231. Repetitive DNA elements as genetic markers in Chondrostereum purpureum. William E. Hintz, Elisa Becker, Paul de la Bastide, and Louise Hahn. University of Victoria, Biology, Victoria, BC, Canada.

Productivity in conifer reforestation sites is reduced by competition by fast-growing hardwood species. The phytopathogenic fungus Chondrostereum purpureum is well suited to forest vegetation management as it has a broad-spectrum pathogenicity towards many hardwoods and prevents resprouting of cut trees. While C. purpureum occurs naturally throughout North America, little is known about its population structure. We therefore developed a series of molecular markers to (1) identify specific isolates and (2) assess the impact of release of selected isolates. Amplification of C. purpureum genomic DNA with the RAPD primer GGGGTGACGA resulted in the amplification of 3 to 12 fragments certain of which were conserved at the population level. We determined the DNA sequence of a unique RAPD fragment from the lead isolate and designed a SCAR primer pair (GGGGTGACGAGGACGACGGTG and GGGGTGACGACATTATACTGCAGGTAGTAG). It was anticipated that this primer pair would amplify a single DNA fragment from the lead isolate however several fragments, ranging in size from 300 bp to 2000 bp, were simultaneously amplified from genomic DNA of all C. purpureum isolates tested. The SCAR amplification patterns have proven to be distinctive for each genetic individual tested making this a particularly useful fingerprinting tool. Sequence comparison of the amplified SCAR DNAs revealed extensive DNA similarity between fragments and we hypothesize that these DNAs represent members of a family of dispersed repetitive DNA elements.

232. Cloning and disruption of protein kinase genes in Aspergillus nidulans. Louise M. Hoare1, A. Renwick 2, A. Dickson1, and G.D. Robson1. Manchester University, School of Biol.Sci., Manchester, UK. 2Zeneca Agrochemicals, Jealotts Hill, Bracknell, Berkshire,UK.

Novel antifungal agents are constantly required due to the build up of disease resistance in fungal pathogens and the toxic effects of existing agents. Targets must be identified in the pathogens which when disrupted have a debilitating effect on the fungi, inhibiting their ability to infect the host and cause disease. Map kinases have been found to be involved in hypo-osmolarity signal transduction and cell wall integrity in Saccharomyces cerevisiae and may therefore be putative antifungal targets. Using Aspergillus nidulans as a model, we have designed PCR primers based on consensus to the PKC protein kinase family. As a second strategy, osmotically sensitive mutants are being produced by UV mutagenesis which only grow on osmotically buffered medium. The long term strategy is to clone the full length genes and to study the effect of knockouts on the phenotype of A. nidulans.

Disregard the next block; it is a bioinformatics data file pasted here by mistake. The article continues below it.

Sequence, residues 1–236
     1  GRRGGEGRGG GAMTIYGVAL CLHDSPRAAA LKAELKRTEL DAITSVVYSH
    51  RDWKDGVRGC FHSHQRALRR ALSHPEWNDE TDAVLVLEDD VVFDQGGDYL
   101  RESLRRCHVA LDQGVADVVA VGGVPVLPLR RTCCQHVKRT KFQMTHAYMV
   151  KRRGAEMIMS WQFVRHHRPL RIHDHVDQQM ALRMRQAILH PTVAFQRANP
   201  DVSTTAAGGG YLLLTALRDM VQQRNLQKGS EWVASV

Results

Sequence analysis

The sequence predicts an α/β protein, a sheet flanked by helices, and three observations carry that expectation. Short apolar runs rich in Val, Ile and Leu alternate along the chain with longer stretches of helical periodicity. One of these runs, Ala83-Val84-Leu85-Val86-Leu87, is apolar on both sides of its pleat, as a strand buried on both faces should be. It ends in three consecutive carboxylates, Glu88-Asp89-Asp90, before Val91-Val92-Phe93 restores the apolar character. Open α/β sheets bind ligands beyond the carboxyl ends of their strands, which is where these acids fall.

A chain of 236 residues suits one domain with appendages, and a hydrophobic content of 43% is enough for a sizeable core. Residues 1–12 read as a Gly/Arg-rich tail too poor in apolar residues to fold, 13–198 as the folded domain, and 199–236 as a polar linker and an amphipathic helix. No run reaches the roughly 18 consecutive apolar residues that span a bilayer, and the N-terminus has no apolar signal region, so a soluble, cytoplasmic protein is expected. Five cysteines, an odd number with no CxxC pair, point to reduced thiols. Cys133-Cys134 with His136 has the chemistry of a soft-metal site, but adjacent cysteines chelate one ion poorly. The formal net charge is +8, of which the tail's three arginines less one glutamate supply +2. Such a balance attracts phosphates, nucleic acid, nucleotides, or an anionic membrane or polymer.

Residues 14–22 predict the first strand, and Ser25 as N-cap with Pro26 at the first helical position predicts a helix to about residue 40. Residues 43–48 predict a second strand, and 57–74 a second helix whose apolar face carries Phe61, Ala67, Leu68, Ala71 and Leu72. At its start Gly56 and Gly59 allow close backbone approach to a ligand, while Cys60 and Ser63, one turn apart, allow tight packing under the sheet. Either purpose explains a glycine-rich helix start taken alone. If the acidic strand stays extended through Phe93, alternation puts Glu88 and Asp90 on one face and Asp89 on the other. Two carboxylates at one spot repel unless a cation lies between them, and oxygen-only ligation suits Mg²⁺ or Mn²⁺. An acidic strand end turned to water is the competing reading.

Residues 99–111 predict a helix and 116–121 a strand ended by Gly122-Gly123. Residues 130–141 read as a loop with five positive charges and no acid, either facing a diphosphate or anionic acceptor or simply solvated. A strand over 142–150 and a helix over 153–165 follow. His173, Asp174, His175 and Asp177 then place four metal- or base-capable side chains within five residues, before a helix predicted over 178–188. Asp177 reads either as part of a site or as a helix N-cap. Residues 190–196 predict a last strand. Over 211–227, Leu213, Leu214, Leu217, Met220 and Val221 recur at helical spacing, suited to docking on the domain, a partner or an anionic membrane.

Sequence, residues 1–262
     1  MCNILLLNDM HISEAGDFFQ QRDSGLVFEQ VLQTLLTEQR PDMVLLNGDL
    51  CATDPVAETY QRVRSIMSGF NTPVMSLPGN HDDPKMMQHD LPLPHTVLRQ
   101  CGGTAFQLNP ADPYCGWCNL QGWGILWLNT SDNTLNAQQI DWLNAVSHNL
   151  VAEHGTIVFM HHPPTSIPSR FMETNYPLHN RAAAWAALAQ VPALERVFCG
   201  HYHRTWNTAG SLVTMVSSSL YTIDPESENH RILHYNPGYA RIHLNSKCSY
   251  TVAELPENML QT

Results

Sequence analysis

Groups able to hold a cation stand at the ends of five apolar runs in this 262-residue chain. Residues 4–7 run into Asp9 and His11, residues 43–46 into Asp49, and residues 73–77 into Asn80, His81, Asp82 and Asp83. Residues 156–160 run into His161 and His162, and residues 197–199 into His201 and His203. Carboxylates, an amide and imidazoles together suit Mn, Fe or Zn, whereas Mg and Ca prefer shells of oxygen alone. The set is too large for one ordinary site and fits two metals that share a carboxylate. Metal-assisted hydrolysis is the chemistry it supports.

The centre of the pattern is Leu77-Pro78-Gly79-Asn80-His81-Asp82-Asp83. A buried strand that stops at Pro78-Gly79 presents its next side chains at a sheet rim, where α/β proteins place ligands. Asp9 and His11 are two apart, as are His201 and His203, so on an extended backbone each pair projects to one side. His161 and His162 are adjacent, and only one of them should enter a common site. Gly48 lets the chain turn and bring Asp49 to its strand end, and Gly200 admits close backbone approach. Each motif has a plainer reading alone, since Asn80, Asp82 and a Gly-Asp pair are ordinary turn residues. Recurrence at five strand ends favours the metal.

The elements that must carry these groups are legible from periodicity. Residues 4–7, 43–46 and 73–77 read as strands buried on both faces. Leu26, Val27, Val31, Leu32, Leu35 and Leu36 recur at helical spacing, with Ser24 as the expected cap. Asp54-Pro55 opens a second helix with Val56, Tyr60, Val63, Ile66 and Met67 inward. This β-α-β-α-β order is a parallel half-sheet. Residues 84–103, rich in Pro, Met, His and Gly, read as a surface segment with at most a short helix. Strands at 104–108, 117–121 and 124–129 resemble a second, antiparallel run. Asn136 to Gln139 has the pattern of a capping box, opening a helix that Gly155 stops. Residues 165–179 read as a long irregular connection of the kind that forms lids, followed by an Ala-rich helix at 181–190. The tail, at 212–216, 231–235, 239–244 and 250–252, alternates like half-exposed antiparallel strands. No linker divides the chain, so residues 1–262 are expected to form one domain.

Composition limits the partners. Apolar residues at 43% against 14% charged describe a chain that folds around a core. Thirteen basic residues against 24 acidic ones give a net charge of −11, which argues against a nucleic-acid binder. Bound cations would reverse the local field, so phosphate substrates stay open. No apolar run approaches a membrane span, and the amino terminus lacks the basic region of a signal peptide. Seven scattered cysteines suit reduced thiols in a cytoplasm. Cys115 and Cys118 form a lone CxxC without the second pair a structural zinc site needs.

233. Homologs of aflatoxin biosynthetic genes in Aspergillus oryzae and A. sojae. David Jeenes, Adrian Watson, Linda Fuller, and David Archer. Institute of Food Research, Norwich Research Park, Norwich UK.

Although aflatoxin biosynthesis has been documented for Aspergillus flavus and A. parasiticus, the closely related species A. oryzae and A. sojae which are widely used in food and ingredient manufacture have no history of producing aflatoxins. Despite this lack of aflatoxin production, several groups have reported the presence of genes associated with aflatoxin biosynthesis, including the pathway-specific regulatory gene aflR, in strains of A. oryzae and A. sojae. We confirm by sequencing the presence of 3 structural genes (nor-1, ver-1 and omtA) and the regulatory gene, aflR, in strains of A. oryzae and A. sojae. We also report the sequence of the entire aflR gene from A. oryzae ATCC 14895. Northern blot and RT-PCR analysis show that none of these genes are actively transcribed in the chosen strains of A. sojae/A. oryzae. Sequence analysis reveals that the AFLR proteins are truncated by ca. 60 aa in all the A. sojae strains examined, a mutation that appears to be linked to a small duplication at the N-terminal end of the protein.

234. Loss of a dispensable chromosome from Alternaria alternata apple pathotype leads to a toxin minus phenotype and loss of pathogenicity. L.J. Johnson1, R.D. Johnson1, H. Akamatsu2, M. Kodama1, H. Otani2 and K. Kohmoto1. 1Faculty of Agriculture, Tottori University, Tottori 680, Japan, 2United Graduate School of Agricultural Sciences, Tottori University, Tottori 680, Japan.